Friday 21 August 2020

What mixture of leadership styles should a decent data protection officer display?


I was recently asked this question and found it hard to answer. It takes a lot to be a decent DPO.  So much depends on the culture of the organisation and the resources available to the DPO. Notwithstanding the specific obligations that are set out in Section 4 of the General Data Protection Regulation, I’ve known some that operate as one-man-bands, working in virtual isolation from the rest of the organisation. I’ve known others who manage small and, in some cases, larger teams. I’ve also known privacy professionals who have directed or supported short-lived GDPR privacy transformation project teams that were created purely to help the organisation comply more completely with data protection laws and requirements.


The organisational psychologist Heather Bingham has drawn my attention to a list of common leadership styles that I'll be referring to in this article.


I’ve known privacy professionals who have failed because they have displayed a toxic mixture of some of these styles. 


I’ve also known privacy professionals who have felt that they have failed because, when joining a new organisation, they had not altered what was a winning combination in a previous role to the culture that prevailed within their new organisation.



Some organisations have a very hierarchical and deferential culture. Job grade is seen as more important than actual technical knowledge, so the purpose of the DPO may be primarily to reduce quite complicated concepts to simple PowerPoint presentations for more senior people with little technical knowledge to skim read and formally approve whatever recommendations the DPO had drafted. The autocratic DPO may exist because virtually no one else in the organisation has sufficient knowledge – or interest – in data protection matters, so their decisions will be very rarely challenged. While competent DPOs may have the technical knowledge and experience to make quick decisions quickly, they can also easily be overwhelmed with requests for advice and support. It’s hard to motivate staff in privacy teams if all the decisions are going to be taken by an autocratic DPO.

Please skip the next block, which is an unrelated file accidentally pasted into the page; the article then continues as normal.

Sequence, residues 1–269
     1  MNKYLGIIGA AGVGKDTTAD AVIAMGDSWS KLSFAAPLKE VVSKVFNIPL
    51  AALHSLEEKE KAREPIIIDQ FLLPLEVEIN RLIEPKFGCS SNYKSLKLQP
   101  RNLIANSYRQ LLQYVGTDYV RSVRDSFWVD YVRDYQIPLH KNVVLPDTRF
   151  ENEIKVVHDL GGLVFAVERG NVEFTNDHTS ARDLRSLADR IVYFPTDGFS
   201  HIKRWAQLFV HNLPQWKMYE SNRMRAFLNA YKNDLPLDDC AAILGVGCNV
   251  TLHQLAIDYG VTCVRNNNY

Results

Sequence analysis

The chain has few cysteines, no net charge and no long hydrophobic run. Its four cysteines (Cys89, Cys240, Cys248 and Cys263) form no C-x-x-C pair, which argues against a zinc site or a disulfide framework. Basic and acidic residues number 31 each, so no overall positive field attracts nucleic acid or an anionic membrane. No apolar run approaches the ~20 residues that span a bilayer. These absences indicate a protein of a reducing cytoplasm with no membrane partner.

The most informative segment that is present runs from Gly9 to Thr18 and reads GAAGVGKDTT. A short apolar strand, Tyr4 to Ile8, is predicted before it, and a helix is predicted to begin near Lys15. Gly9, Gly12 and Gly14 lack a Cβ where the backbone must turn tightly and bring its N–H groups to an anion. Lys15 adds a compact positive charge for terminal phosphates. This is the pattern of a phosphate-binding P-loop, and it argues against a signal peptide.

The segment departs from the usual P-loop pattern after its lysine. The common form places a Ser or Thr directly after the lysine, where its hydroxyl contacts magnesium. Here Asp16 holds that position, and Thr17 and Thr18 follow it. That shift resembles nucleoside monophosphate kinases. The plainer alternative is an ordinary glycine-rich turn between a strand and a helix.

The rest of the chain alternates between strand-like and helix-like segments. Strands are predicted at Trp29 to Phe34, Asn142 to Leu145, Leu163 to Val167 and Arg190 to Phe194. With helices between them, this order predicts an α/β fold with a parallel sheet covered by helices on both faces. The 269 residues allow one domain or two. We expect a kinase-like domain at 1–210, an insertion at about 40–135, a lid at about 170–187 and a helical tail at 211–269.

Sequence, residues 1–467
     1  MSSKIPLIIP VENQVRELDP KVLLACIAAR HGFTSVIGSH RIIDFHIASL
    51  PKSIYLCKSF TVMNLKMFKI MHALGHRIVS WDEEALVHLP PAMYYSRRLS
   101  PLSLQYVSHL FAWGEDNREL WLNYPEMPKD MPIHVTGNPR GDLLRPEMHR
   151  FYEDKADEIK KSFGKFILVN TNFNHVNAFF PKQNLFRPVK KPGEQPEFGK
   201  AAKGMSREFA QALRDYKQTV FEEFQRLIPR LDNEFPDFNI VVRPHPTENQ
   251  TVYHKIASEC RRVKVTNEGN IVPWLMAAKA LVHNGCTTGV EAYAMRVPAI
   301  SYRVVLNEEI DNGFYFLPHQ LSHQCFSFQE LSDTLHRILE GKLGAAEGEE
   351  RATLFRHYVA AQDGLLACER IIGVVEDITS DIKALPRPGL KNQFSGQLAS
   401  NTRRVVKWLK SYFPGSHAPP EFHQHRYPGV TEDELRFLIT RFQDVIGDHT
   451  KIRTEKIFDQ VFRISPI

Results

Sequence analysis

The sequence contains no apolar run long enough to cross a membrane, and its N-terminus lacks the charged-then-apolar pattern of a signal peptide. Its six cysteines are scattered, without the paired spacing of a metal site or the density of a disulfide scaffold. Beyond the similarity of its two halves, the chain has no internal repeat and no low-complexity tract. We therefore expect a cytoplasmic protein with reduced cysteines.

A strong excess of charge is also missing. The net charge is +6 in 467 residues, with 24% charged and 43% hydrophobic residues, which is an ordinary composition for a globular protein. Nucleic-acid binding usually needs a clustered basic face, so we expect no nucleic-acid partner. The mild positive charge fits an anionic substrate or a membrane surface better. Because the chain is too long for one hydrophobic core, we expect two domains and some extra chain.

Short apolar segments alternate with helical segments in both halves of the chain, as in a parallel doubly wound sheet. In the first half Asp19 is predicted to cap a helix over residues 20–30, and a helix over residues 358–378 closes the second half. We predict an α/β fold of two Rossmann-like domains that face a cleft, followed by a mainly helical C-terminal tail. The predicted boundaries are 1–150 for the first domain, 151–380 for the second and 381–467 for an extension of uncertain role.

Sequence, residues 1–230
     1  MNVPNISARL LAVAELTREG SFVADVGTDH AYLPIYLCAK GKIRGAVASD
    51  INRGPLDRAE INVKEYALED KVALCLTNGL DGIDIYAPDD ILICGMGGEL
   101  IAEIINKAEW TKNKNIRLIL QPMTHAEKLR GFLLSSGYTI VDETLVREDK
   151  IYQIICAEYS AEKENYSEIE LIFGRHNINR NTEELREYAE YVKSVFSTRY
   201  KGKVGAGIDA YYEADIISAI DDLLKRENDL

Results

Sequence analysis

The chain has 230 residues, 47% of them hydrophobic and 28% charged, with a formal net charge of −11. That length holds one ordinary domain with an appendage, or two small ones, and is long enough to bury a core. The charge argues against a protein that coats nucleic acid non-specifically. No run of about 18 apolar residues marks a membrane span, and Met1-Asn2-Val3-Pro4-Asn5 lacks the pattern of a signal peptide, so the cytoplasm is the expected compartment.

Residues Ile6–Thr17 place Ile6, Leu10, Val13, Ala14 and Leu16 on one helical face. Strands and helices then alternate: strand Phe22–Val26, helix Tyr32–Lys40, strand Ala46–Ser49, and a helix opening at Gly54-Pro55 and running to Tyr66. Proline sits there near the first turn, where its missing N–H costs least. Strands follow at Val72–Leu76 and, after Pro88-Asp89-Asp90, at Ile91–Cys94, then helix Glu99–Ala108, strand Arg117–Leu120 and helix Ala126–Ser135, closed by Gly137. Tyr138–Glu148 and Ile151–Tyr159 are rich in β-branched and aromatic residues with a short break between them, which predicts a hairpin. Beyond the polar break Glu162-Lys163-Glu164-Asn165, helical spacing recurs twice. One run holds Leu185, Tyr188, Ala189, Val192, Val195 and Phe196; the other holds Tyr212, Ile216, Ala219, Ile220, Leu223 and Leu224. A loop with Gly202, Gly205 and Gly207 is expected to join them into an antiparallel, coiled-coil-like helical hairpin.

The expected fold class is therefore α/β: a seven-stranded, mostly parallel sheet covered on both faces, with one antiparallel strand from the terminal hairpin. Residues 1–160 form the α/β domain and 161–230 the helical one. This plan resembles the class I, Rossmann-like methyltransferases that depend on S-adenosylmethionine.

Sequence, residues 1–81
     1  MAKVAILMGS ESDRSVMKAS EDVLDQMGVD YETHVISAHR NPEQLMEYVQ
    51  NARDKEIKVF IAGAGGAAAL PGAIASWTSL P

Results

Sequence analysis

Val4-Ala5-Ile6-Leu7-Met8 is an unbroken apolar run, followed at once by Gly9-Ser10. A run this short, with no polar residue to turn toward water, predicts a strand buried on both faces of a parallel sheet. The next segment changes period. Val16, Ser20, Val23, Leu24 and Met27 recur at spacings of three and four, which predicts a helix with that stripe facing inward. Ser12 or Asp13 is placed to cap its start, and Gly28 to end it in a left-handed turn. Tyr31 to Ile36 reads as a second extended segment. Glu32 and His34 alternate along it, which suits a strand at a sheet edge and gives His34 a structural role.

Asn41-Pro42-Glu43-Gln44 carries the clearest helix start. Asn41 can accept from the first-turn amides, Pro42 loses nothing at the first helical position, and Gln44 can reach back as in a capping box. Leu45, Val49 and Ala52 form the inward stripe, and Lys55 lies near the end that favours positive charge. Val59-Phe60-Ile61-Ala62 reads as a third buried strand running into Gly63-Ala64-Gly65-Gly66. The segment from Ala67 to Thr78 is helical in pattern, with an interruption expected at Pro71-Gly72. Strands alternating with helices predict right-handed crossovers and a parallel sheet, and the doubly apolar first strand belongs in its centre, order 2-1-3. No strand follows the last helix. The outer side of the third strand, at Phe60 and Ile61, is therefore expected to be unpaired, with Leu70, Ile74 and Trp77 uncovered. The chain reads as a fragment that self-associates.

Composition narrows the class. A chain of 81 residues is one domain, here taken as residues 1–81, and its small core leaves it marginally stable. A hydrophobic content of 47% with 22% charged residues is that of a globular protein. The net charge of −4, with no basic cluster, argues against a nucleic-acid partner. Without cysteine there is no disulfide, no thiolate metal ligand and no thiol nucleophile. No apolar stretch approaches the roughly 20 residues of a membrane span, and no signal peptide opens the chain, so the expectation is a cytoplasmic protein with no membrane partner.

Great DPOshave vision and can influence and inspire others. This requires a mixture of technical skills and also a willingness to accept a relatively high privacy risk. What advice or action really is appropriate, given the circumstances? It is not always the best approach simply to reply on every piece of advice that is uttered by staff working for data protection supervisory authorities. Regulatory opinions are what they say they are – only opinions. Ultimately, only the courts can determine the true extent of privacy law. This approach requires DPOs to develop their own ethical approach to key issues of the day, and then sell this approach to the organisation. The late comedian Ken Dodd once remarked that he never took his audience for granted. For each performance he felt he needed to start afresh and woo them. The same approach is often adopted by charismatic DPOs. 



Some DPOs focus on outcomes. Teams must strive to work harder each year. More Subject Access Requests, for example, must be completed within the statutory time limits. Fewer privacy breaches must be identified. Records of Processing Activities must be regularly audited. A higher proportion of staff must pass the annual privacy learning programme’s knowledge test. Turnarounds for Privacy Impact Assessments must be improved, year on year. The daily grind of privacy work can be relentless, and while privacy metrics might improve, the morale of the staff at the privacy grindstone may not.